Now before anyone jumps to any hasty conclusions about what sort of religion the Reverend Manson is involved in just calm down. "I don't know how to practice a religion," he tells. "Is that consistent praying and praying until you get it right? Would that be how you practice it? There are many things that have influenced me as you know: Satanism, Social Darwinism. All of these things as much as the writings of Dr. Seuss are parts of what I incorporate into my personality," Manson describes his background. "If you want to call that a religion then maybe I'm on the brink of developing a new way of thinking. But I wouldn't degrade it by calling it a religion. I'd just call it a way of thinking or a social movement," he decides. "I mean that's what rock and roll was invented for in the first place other than setting your piano on fire or having sex with your fourteen year old cousin much like Jerry Lee Lewis did. Rock and roll was invented for making a social statement." Would Mr. Manson make his statement by having sex with his fourteen year old cousin?

"I don't have one," he laughs. "No I wouldn't have sex with anyone in my family." What?!? Mr. Manson has boundaries, even morals? Well, maybe not. "It's not that I think having sex with someone in my family is wrong; I'm just not attracted to them." Sex with family members may not be offensive to him, however one of the most common acts people perform daily absolutely repulses him.

"Probably the most offensive thing someone could do is offer me a cigarette," Manson reveals. "It's just my personal preference; I don't believe in cigarettes. In fact," he continues, "when people smoke I can't hear what they're saying. I've fine tuned myself to shut out the words of smokers. So I miss out on a lot of the conversations," Mr. Manson says, acknowledging that a lot of people he interacts with smoke. "Most of them don't know, but later on they wonder 'why won't he talk to me?' They think I'm rude, but I'm not. It's a social impairment that I have, one that I"ve chosen to adopt. The thing in life is," Manson suddenly becomes more serious," and you can take this on many levels, you can go deeper than just cigarettes, is that it's ignorant for you as a person, because you cheat yourself, to discriminate against anything as a whole. But," he insists, "you should have discriminating tastes. I think you can assert that into sexism and racism and things like that. Obviously it's stupid to say you hate this group of people or this sex of people or anything like that," he continues. "You need to have preferences, of course otherwise you're a wishy-washy person. That's an important thing to keep in mind as America gets more and more wrapped up in it's political correctness and it's fear to speak its mind."

Is it surprising that the Reverend Marilyn Manson has intelligent opinions and comments? Not really, but there is one thing that he thinks might surprise his loyal following.

"I shave my legs," he readily admits. "Initially it turned me on because you fall asleep and you feel your leg brush up against your own. Now it's out of necessity. I also shave my eyebrows, my face and my armpits."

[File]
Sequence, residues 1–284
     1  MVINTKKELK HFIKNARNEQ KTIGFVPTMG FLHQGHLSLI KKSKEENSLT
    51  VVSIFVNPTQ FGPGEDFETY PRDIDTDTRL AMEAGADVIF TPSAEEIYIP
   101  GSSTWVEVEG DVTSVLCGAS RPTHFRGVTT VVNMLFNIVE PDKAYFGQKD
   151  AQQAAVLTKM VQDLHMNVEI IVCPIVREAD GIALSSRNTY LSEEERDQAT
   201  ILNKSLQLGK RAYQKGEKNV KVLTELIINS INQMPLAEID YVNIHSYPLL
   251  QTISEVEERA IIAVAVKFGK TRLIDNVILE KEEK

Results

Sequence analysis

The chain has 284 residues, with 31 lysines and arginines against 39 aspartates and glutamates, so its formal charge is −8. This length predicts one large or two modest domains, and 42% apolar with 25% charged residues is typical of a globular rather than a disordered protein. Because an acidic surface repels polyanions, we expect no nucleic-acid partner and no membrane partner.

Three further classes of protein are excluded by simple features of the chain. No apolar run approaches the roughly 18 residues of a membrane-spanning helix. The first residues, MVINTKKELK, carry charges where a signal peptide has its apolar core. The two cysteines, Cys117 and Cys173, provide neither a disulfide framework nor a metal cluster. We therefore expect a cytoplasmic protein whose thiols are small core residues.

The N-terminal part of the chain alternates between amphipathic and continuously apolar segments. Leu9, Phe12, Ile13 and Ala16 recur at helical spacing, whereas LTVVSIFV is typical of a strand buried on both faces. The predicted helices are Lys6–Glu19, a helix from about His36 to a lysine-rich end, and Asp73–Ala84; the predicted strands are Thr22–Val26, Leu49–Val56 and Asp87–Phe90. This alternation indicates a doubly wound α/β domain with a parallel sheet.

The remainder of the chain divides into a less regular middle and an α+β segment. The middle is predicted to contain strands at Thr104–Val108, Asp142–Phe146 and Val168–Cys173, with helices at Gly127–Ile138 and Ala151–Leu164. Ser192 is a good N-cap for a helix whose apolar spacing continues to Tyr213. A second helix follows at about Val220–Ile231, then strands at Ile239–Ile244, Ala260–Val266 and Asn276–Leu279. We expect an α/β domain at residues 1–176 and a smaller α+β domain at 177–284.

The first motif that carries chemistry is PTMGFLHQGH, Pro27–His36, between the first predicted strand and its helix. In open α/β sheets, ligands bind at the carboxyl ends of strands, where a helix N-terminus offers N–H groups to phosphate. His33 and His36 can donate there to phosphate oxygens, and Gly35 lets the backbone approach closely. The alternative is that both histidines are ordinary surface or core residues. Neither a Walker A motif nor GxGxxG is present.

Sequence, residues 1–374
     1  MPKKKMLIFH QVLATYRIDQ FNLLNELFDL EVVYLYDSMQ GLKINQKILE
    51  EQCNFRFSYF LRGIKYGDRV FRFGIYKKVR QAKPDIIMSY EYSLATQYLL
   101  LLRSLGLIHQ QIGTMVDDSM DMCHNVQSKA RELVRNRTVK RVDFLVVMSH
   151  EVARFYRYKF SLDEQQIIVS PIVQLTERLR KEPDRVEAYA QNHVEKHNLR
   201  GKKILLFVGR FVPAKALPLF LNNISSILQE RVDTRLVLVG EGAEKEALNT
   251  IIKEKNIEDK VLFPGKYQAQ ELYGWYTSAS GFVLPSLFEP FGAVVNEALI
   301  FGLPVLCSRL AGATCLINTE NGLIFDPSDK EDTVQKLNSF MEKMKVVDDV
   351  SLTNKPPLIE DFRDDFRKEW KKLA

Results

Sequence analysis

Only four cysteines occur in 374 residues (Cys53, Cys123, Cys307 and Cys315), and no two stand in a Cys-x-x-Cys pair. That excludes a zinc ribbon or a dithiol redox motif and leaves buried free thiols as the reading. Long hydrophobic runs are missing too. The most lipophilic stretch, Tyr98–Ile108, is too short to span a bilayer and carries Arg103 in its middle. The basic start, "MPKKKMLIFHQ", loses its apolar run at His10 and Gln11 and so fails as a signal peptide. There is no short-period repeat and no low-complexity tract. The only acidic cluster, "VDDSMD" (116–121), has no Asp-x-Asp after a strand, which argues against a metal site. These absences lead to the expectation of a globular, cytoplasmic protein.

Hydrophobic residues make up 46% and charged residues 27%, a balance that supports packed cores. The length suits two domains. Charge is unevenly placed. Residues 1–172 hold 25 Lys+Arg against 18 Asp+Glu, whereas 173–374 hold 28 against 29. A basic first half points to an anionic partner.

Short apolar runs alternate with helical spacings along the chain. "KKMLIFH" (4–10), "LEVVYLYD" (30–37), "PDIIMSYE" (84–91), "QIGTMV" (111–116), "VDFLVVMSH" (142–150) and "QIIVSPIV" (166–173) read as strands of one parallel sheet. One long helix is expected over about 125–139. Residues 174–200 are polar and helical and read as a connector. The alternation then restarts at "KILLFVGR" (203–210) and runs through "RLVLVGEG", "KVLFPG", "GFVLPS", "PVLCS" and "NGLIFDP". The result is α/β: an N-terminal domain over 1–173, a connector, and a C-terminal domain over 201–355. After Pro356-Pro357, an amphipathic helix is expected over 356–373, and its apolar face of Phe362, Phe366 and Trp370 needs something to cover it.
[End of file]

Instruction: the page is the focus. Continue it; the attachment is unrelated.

Not shocking enough? Ok, how about the fact that the Reverend Manson, the God of Fuck, the man who threatens to sodomize mothers, corrupt children and create the soundtrack to end the world doesn't see himself as anything other than normal? "I consider myself to be very normal," Manson insists. "It's what society considers to be the most normal things that I find very incomprehensible and very bizarre. For example, the other day I watched Baywatch for the first time, and I found that show to be very disturbing,"he says. "I think it's very dangerous for people to watch that program. It presents a fantasy reality. It's dangerous if people think that that is real life. I didn't understand the show," Mr. Manson is obviously disturbed the program. "If I'm not mistaken I think the show may be written and casted by white supremist Aryan nation people because everyone on the show has blonde hair, blue eyes. Then again it might just be people from California. I just don't understand. It's a very strange show; I'm going to start watching it more often," he decides. "I think I'm going to watch it all the time now. It's shocking; it scared me."

What is perhaps even more frightening is that Mr. Manson was featured in an issue of Family Circle magazine. "They called me after the Donahue show and they wanted to know what my pointers were for parents to protect their kids from the mosh pit. I thought it was hilarious that they were asking me," Manson laughs. "So I told them, but they sort of edited what I said and made it seem very positive. What I said was this: 'If your kid is stupid enough to stage dive or go in a mosh pit, they deserve to get hurt. And if you come up on stage while I'm singing, I'll bash your fucking head in.' They didn't print that like I said it. If you come on stage you're liable to get hurt. That's just common sense," Manson informs. "I go on stage to get hurt. I often, as part of the catharsis that every show is for me, end up hurting myself. Whether that's intention or not I don't know. It happens the way it happens. And if that translates into if I like people to hurt me, the answer is no. That's not something I'm into, but a lot of people think that," he says. "I think I'm just kind of rather than a sadist or a masochist or a sadomasochist or whatever terms people like to use, I just like to inflict pain in general whether it's on myself or others. It doesn't really matter. I think that's how it works if I have to analyze myself for a moment. I just have a need," Manson concludes. "Maybe because I feel that I was given a considerable amount of pain as a child that I have to dispense it as an adult.

"Tony Wiggins," Mr. Manson suddenly blurts out.

Who the hell is Tony Wiggins?

"He sings the country version of "Cake and Sodomy" on Smells Like Children, " Manson explains. "He's a country singer from Nashville (although it was later discovered he is Marilyn Manson's former bus driver). He's the reason your interview didn't happen that night," he confides. "I carved a star into his chest. Ask anyone they'll tell you. He was there that night," Mr. Manson's voice becomes quite, softer, as if he's about to reveal a deep, dark secret.

"He killed the chickens!"

Wait a minute. Supposedly there were no chickens.

"In our hearts and minds," Mr. Manson whispers, "there will always be chickens."